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EU unveils economic security plans with eye to China

January 24, 2024

The European Union has drawn up measures to protect sensitive economic assets from being usurped by geopolitical rivals. They come amid a rethink of EU-China relations.

 A quantum computer
Quantum computing is one sensitive technology that the EU is planning to protect from rivalsImage: Cseh Ioan/PantherMedia/IMAGO

The European Union on Wednesday announced a number of measures it hopes will help keep sensitive technology and key infrastructure out of the hands of global rivals, notably China.  

The proposed rules will require more rigorous screening of investments from abroad, tighter controls on exports and more restrictions on who can participate in researching key technologies.

Facing "profound geopolitical turmoil and fast technological shifts" the EU has to reduce security risks from trade and investment, EU Trade Commissioner Valdis Dombrovskis said in a statement.

Although the plan does not mention any specific country, the initiatives come as the EU focuses on "de-risking" its economic relations with China, the bloc's most important trading partner.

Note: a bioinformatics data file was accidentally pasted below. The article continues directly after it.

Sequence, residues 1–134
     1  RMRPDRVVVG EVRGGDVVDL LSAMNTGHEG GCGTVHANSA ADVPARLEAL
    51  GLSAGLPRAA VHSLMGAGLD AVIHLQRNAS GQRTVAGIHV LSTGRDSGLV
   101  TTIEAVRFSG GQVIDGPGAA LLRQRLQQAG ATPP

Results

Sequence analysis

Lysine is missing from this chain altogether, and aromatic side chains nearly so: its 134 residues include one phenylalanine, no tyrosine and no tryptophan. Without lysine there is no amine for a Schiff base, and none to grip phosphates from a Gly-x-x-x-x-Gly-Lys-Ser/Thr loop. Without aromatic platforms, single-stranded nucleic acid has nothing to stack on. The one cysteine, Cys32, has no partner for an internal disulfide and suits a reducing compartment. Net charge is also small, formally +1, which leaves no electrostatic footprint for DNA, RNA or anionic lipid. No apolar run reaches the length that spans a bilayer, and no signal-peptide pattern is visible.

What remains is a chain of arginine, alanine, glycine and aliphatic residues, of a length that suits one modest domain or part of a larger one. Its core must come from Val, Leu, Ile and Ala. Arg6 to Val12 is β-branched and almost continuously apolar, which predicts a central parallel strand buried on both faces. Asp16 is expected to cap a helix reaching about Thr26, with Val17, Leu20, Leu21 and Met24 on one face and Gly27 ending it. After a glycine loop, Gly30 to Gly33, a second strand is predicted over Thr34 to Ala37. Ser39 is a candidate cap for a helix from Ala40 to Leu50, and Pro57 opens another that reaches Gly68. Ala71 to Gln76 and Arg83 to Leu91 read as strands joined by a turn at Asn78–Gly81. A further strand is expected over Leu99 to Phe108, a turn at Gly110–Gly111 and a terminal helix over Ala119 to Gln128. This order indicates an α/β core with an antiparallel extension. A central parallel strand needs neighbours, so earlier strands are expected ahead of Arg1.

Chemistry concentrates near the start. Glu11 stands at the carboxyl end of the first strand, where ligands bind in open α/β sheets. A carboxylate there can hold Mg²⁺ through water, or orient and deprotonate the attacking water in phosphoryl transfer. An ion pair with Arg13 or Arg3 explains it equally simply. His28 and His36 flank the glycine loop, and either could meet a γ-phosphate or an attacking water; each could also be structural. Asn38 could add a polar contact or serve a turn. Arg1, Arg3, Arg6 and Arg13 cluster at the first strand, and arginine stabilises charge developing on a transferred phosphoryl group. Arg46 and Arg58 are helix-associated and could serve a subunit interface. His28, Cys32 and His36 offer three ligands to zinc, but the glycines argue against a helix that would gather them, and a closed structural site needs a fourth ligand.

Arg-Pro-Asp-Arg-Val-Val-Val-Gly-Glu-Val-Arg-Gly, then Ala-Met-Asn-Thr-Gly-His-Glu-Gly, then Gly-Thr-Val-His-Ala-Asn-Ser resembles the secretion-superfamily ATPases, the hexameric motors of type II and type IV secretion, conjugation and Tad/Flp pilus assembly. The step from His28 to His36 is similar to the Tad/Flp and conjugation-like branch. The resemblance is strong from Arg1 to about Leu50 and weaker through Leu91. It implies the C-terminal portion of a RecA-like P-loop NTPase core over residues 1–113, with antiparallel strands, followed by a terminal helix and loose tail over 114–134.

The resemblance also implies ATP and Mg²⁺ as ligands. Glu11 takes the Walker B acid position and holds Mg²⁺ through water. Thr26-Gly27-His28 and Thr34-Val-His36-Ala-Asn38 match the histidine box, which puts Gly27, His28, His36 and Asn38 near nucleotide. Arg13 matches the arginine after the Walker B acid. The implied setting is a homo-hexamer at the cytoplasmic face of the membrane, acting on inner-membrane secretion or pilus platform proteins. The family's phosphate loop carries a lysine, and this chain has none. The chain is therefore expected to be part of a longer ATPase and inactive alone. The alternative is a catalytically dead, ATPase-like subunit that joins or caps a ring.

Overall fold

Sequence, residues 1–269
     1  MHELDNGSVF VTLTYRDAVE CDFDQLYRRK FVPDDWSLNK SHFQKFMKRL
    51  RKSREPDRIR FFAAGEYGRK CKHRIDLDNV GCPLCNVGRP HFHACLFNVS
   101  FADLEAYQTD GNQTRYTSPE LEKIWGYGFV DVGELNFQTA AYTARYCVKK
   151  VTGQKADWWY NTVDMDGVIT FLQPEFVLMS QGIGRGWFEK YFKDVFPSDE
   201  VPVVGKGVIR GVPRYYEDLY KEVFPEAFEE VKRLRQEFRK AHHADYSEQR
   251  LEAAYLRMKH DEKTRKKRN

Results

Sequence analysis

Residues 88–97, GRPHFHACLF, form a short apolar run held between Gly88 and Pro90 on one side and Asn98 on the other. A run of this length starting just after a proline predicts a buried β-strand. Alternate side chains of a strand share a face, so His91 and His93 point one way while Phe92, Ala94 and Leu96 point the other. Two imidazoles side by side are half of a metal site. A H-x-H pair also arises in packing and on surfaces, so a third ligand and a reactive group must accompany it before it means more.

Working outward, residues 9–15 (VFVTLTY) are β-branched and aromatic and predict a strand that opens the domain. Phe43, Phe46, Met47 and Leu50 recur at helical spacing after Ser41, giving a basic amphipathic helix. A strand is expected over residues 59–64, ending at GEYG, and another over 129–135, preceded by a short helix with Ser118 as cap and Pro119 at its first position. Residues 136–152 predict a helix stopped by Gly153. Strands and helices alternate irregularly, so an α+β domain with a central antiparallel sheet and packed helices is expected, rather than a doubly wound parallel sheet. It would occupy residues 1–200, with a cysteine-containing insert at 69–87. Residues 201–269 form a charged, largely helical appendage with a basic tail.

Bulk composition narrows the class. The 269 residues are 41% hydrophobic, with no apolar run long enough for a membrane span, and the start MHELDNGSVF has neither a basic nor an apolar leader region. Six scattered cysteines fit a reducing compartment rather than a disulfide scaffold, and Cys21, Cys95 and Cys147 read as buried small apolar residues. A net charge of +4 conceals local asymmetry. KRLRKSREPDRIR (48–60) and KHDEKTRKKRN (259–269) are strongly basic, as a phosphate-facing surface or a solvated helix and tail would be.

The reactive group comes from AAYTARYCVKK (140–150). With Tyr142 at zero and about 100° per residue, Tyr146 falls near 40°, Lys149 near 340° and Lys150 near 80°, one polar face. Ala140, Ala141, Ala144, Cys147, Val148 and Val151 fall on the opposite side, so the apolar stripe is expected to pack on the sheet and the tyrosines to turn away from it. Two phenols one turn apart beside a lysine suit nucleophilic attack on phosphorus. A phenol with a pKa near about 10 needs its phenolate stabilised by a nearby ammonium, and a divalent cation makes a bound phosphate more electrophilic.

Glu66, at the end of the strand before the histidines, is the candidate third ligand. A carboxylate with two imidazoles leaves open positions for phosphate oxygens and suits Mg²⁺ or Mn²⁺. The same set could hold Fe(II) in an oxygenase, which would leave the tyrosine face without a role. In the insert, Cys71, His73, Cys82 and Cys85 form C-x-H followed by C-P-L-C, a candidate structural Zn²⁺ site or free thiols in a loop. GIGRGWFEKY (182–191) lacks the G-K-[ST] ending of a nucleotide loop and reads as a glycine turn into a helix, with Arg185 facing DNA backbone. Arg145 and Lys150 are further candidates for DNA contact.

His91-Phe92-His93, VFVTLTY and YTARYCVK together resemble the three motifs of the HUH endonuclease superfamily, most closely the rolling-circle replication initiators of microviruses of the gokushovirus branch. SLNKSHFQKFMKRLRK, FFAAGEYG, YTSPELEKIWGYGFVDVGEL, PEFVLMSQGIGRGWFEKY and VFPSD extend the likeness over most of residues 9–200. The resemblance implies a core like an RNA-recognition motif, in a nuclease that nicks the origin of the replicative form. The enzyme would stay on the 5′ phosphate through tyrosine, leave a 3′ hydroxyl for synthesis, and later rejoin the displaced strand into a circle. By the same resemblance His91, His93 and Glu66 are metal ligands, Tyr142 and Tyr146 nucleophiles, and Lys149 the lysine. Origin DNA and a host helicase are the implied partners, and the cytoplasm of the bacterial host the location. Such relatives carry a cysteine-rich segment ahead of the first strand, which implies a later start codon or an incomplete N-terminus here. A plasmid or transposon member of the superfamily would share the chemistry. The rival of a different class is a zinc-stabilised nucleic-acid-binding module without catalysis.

According to a draft text seen by the AFP news agency, the plan addresses "risks to EU economic security while ensuring that the EU remains a most attractive destination for business and investment."

"Geopolitical tensions and the pace of technological change mean there is a need for more coordinated action at EU level," the document reportedly said.

Critics have, however, warned that they will be difficult to enforce given that every EU member state retains control over its own foreign policy.

EU member states and the European Parliament will now assess the proposals.

What does 'de-risking' EU-China relations mean?

What do the measures entail?

Alongside its calls to tighten screening of foreign direct investment (FDI), the European Commission wants to see improved coordination on controlling exports of key technologies.

In October, the EU unveiled a list of four critical technologies — advanced semiconductors, artificial intelligence, quantum computing and biotechnology — that it considers the biggest risks if they fall into what it sees as the wrong hands. 

The Commission also outlined measures on export controls of so-called dual-use technologies — products that can also have a military application alongside their civilian use.

The EU executive launched a debate on the bloc's security in June, saying that the COVID pandemic, Russia's invasion of Ukraine, cyber and infrastructure attacks and increased geopolitical tensions had highlighted several new risks.

tj/sms (AFP, Reuters)